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All We Ought to Ask – Br. Mark Brown

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Paul’s Damascus Road experience had to have been important to him.  It certainly was important to the writer of the Book of Acts (Luke, we presume). The story is told three times, with variations in details.  Oddly, in Paul’s own writings he doesn’t dwell on this experience: there are places in his letters where he speaks of visionary experiences and one passage in Galatians seems to refer to the Damascus Road event, but even this is not explicit.  

Paul seems rather to be more concerned with what lies ahead than what lay behind, as dramatic as it may have been. In Philippians [3:12-14] he says: “Not that I have already obtained this [resurrection] or have already reached the goal, but I press on to make it my own, because Christ Jesus has made me his own. Beloved, I do not consider that I have made it my own; but this one thing I do: forgetting what lies behind and straining forward to what lies ahead, I press on toward the goal for the prize of the heavenly call of God in Christ Jesus.”

As important as Paul’s Damascus Road experience must have been to him—and to the Church!—I wonder if he sensed the danger of dwelling too much in this original experience.  We don’t get the sense from Paul’s letters that he tried to relive or sustain or replicate this important event. Many of us have had very significant experiences in our life of faith—and Paul goes on the say in Philippians that we ought to “hold fast to what we have attained”.  But whatever we’ve experienced in the past, God is not done with us.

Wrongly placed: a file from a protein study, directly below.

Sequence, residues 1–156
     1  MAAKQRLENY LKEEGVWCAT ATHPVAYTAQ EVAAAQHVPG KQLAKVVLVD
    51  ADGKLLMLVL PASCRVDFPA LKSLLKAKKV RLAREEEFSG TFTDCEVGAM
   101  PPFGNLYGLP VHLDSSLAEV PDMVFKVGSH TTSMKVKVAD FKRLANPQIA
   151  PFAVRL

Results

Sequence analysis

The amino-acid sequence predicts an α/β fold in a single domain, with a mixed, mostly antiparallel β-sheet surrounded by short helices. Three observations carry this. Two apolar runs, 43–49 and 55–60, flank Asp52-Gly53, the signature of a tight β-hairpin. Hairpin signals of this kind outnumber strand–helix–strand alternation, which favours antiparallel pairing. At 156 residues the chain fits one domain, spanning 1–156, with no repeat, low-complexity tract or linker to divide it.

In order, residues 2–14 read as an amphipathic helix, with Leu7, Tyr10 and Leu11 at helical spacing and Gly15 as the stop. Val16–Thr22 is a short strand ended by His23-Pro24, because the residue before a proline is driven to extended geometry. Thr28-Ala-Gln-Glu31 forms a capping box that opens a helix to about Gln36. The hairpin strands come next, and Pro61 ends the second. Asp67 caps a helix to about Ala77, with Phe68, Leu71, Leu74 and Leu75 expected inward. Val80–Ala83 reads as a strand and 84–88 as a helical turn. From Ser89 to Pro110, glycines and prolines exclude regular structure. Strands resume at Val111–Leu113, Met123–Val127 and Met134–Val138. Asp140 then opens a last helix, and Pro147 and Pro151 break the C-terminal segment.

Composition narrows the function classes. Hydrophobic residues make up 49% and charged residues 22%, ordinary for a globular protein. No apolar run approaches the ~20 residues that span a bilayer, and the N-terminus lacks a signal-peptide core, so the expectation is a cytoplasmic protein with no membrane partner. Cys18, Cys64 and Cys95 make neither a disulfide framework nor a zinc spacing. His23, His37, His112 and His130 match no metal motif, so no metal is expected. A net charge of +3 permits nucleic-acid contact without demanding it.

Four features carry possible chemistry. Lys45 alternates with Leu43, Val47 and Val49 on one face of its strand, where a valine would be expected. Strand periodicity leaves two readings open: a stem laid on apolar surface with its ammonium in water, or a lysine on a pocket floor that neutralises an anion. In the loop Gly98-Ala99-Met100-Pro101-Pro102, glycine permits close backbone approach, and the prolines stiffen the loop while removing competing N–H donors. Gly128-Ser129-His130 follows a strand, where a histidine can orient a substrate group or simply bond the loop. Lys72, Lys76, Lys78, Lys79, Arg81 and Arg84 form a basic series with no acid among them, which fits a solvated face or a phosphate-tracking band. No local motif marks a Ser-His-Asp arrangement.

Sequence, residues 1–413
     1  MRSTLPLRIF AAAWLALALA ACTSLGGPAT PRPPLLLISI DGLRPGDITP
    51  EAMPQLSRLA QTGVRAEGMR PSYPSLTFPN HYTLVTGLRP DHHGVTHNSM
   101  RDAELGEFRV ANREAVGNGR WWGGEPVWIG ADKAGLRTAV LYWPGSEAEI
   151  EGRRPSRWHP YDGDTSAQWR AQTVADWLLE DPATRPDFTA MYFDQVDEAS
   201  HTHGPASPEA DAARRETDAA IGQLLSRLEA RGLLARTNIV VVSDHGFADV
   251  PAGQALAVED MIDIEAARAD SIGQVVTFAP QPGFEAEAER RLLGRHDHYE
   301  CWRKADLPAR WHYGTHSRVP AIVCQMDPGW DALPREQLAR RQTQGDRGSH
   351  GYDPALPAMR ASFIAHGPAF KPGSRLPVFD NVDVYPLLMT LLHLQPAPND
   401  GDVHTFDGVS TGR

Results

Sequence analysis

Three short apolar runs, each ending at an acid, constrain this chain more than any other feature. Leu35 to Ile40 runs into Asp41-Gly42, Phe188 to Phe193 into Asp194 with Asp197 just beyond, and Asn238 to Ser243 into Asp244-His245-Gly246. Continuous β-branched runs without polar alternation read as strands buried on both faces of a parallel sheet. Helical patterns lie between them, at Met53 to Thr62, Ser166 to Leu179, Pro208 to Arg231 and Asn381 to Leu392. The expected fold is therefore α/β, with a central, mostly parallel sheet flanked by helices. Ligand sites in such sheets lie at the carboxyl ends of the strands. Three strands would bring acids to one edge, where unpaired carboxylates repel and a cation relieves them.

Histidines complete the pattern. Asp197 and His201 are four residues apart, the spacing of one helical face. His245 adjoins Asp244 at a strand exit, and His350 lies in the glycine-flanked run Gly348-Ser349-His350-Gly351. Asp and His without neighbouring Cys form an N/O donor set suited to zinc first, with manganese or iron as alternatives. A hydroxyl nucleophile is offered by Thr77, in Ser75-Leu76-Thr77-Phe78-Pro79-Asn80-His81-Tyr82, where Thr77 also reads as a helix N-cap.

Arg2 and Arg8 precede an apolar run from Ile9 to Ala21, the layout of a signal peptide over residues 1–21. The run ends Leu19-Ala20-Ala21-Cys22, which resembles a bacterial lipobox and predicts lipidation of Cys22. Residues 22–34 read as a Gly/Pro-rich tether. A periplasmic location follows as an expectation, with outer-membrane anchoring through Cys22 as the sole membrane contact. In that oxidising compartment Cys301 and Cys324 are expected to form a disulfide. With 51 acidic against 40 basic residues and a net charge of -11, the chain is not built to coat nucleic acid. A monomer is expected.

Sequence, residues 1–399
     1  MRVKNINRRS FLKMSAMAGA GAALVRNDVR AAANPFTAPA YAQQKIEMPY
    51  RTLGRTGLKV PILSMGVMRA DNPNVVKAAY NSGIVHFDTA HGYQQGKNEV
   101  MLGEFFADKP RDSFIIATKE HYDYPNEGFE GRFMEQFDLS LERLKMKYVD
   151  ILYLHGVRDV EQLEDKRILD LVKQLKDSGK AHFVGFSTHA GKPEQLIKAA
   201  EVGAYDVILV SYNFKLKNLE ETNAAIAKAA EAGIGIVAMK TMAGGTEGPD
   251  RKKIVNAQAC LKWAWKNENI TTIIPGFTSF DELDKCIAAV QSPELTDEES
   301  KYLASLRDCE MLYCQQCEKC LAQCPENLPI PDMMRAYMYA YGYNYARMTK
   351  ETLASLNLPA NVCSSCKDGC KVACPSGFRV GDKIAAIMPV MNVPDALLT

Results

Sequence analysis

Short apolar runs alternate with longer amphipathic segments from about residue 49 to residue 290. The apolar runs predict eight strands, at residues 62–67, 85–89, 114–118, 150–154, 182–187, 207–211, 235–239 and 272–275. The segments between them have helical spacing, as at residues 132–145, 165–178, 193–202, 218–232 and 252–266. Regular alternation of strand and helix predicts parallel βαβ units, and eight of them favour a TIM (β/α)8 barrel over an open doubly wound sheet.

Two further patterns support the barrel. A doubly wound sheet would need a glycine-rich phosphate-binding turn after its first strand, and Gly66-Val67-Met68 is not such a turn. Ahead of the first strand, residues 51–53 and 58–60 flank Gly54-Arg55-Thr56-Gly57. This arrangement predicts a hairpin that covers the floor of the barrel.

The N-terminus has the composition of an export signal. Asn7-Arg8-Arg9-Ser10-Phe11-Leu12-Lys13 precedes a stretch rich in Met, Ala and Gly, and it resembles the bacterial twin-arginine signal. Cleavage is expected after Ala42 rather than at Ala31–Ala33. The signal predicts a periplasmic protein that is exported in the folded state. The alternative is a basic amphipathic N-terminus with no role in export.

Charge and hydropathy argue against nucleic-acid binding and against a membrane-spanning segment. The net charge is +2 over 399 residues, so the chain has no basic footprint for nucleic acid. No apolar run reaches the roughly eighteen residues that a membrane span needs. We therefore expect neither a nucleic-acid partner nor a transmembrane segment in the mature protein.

There may be fallings off horses and lights and voices from heaven to come.  But the real work of conversion may arrive more stealthily and show itself more incrementally. The real work of conversion may come to us in the “trivial round, the common task”.  A verse from a hymn by John Keble: “The trivial round, the common task, will furnish all we ought to ask; room to deny ourselves; a road to bring us daily nearer God.”  [Hymnal 1982 #10]

Daily. The mundane, the quotidian, moment to moment work of the Holy Spirit. As Richard of Chichester put it: “Day by day, dear Lord, of thee three things I pray: to see thee more clearly, love thee more dearly, follow thee more nearly, day by day.” [Hymnal 1982 #654]

Day by day, moment by moment; the trivial round, the common task.  That’s where we stand as we open ourselves yet again to the ongoing work of the Spirit.

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